April 2010. Poolside at a Tennessee lakehouse.
Three musicians and a songwriting friend were toying with a fiddle riff, just to see where it might lead. It became the hook for a song, and once they launched into the "Home Sweet Home" chorus, the three voices fell into place with an unexpected, other-worldly sound.
Instant harmony. Almost-instant band.
The Farm is in many ways a hybrid act a trio deeply rooted in country music, that folds in sonic elements from a variety of popular-music genres but the core is built around a solid, identifiable vocal harmony.
Interlocking voices have been an important thread in countrys history, from the Sons of the Pioneers through Alabama through Restless Heart through Lady Antebellum. The Farm Nick Hoffman, Damien Horne and Krista Marie puts its own distinct spin on the sound, a tightly woven mesh that relies on the synthesis of three musicians who found their way to Nashville from different parts of the U.S. with different sets of musical influences.
The Farms unified blend is an aural representation of the melting-pot mentality at the heart of America.
"There are a lot of bands out there that you could take a member out and not know the difference," Nick, the fiddle-playing singer, notes. "This is not one of those bands."
"Its really three elements that you bring together," Krista adds. "Like earth, wind, fire and there we are."
The Farms first album demonstrates the various musical sources at work. The crunchy chords in "Fresh Off the Farm" pull from classic rock. "Be Grateful" relies on pop melodicism. And "Farm Party" builds on a hip-hop counter-hook and a rhythmic center thats old-school R&B at its heart.
Despite the outside influences, The Farm is clearly a country project, built from heartland values, Nicks snarling fiddle, and those intense harmonies created by three distinct solo voices.
"People are so eclectic in the way that they listen to music and the way they receive music," Damien observes. "You can keep it country, and still incorporate all the things we are each capable of doing."
Its a bold, edgy mix that dares to be different and for The Farm, that daring sound is a fundamental part of the trios makeup. Nick was a country traditionalist, Krista was a former solo vocalist with a background in opera and standards, and Damien had first moved to Nashville with an alternative-rock band and ended up opening concerts for R&B artist John Legend. Manager Marc Oswald was the first to suggest the three write together. Nick brought along songwriter-producer Danny Myrick, a co-writer of Jason Aldeans genre-busting "Shes Country," and the four sat down to write, just to see if anything might come of it.
In that unpressured setting, sitting at the pool on a typical Tennessee spring day, all four musicians were free to bring their separate visions to the table, and it began with Nick introducing a riff hed created on his fiddle.
"I had never been to a co-write before where somebody brought their fiddle," Krista recalls.
"Usually you write around a guitar hook," Nick explains. "Instead, I kind of play fiddle like most people play guitar. Thats how we ended up writing Sweet Sweet Sunshine, Home Sweet Home and several of the other ones that are on the record as well. We started with a fiddle hook, and then it just kind of went from there."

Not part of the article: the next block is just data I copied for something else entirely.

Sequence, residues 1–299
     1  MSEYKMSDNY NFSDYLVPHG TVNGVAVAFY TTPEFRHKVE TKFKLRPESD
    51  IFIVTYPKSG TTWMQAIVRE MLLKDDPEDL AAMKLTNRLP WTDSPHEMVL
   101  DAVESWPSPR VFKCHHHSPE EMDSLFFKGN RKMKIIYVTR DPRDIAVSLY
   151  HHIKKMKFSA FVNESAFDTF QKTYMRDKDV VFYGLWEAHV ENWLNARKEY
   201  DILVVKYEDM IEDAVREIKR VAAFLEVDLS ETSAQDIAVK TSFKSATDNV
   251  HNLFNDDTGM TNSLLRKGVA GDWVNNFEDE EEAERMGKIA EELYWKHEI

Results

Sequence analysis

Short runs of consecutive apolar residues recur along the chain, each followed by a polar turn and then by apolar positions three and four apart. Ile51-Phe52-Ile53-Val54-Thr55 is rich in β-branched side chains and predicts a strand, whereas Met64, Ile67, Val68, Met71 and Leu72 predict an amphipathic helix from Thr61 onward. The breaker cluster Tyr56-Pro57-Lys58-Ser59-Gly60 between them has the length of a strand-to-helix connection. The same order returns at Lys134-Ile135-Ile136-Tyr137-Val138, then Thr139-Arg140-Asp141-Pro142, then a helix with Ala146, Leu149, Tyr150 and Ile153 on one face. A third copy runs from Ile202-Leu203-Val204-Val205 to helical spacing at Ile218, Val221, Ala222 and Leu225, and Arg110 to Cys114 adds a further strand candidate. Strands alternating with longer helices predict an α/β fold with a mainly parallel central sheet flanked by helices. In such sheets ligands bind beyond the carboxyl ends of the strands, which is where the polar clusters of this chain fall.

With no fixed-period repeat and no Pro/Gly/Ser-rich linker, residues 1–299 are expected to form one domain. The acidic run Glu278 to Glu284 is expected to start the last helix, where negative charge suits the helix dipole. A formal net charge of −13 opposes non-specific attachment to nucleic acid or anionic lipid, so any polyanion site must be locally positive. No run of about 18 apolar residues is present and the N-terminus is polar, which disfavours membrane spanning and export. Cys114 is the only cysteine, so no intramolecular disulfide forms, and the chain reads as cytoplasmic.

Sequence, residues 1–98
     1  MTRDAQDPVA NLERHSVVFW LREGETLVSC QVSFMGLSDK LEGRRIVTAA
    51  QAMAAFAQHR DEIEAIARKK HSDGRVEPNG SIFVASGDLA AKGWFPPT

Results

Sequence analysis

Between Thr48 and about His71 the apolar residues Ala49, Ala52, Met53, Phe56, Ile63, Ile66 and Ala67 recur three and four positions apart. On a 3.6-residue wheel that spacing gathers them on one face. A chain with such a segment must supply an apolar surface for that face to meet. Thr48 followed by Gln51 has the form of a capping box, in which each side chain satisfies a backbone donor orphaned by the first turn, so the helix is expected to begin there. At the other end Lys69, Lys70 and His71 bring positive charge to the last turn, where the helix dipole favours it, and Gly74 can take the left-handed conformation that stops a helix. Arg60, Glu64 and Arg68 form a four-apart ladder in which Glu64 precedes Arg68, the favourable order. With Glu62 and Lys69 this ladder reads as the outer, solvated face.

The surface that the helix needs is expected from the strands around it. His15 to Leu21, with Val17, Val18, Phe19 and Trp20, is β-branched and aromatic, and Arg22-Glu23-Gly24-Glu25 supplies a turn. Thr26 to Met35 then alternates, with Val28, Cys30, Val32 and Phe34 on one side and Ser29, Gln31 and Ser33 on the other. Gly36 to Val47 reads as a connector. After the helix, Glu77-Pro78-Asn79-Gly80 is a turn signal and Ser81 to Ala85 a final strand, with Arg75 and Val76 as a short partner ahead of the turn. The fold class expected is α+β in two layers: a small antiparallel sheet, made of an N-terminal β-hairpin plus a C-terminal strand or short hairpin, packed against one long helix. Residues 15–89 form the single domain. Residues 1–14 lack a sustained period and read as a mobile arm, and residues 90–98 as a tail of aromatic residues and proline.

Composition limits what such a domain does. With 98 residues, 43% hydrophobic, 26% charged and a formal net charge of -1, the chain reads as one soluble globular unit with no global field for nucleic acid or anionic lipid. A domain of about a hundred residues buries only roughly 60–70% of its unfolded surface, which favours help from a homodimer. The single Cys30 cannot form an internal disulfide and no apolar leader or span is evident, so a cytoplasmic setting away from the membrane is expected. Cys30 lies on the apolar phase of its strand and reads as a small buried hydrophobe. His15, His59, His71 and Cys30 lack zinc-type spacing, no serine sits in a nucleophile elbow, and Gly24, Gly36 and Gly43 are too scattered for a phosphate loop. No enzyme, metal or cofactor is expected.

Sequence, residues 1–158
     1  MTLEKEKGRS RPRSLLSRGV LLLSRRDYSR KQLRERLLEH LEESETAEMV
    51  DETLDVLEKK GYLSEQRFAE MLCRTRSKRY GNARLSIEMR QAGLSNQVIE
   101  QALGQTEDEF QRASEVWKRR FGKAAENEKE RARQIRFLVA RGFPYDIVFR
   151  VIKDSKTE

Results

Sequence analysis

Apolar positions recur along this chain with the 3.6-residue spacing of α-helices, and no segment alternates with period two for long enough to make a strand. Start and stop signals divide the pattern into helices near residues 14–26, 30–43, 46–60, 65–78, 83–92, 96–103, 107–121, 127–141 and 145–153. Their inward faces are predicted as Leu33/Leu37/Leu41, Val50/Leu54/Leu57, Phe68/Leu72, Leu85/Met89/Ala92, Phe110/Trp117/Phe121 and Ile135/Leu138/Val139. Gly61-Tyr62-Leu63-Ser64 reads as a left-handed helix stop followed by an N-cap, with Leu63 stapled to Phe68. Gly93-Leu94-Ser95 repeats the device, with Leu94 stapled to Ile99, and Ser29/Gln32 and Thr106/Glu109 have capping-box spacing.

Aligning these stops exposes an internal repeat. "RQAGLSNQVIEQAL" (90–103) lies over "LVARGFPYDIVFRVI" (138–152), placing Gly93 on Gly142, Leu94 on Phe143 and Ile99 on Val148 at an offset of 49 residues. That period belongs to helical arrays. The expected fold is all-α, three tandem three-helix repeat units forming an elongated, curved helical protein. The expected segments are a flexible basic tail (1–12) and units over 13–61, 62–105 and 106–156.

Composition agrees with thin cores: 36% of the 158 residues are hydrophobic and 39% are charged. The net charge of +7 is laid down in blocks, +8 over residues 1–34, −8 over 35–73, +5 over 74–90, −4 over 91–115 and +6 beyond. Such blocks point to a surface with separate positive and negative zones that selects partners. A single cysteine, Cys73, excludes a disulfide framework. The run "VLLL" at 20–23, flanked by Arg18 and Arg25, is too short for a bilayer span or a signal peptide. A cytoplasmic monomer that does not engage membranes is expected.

The hooks were important, but more vital was that three-part harmony. It was tight, it was stunning, and no one directed it. They gravitated to their parts naturally, then moved throughout the chorus as if they were of one mind. Central to all of it was the lack of pressure. It didnt matter if it became anything only that they had a good time doing it.
"It was just about making music and building this chemistry and growing, but it wasnt even like we were after a deal or anything like that," Damien reflects. "We were in the same head space, we were just making music, and a bunch of things just kinda came about because the music was good."
It was so good that once they finished writing "Home Sweet Home," they popped the cork on a bottle of champagne. They knew theyd created something really special, whether or not it actually went anywhere.
But it did go somewhere. Quickly. The Farm built a stockpile of new material and gave its first public performance in October 2010 at Fontanel, a Nashville venue on property that Barbara Mandrell once called home. Several Warner execs were in the crowd that night, and label head John Esposito was so impressed with the trios unique harmonies and multi-layered influences that he stayed and played along with them in an informal jam session until 2 oclock in the morning.
Esposito signed The Farm to the Warner Music Nashvilles Elektra Records, and Damien, Krista -with Myrick and Nick co-producing approached the first album with a focused dedication thats more like a rock band than the typical Music Row recording process.
"We wrote like a band, and we recorded like a band," Nick explains. "We camped out in a studio every day for two weeks from 10 a.m. to 10 p.m. There was evolution and experimenting, things that wouldnt have happened if we had done it any other way."
The experimentation is why The Farm works. In an era where music fans shuffle their iPods from Alan Jackson to Eminem to Journey, The Farm blends country with other influences in a manner thats completely natural and gives the band its own immediate niche.
"We have that option to experiment, and what makes it easy is that we did that from the beginning," Damien says. "We didnt set out to be a group and be something specific. It was Lets just make music. As long as its cool and resonates with us, weve discovered it will resonate with other people."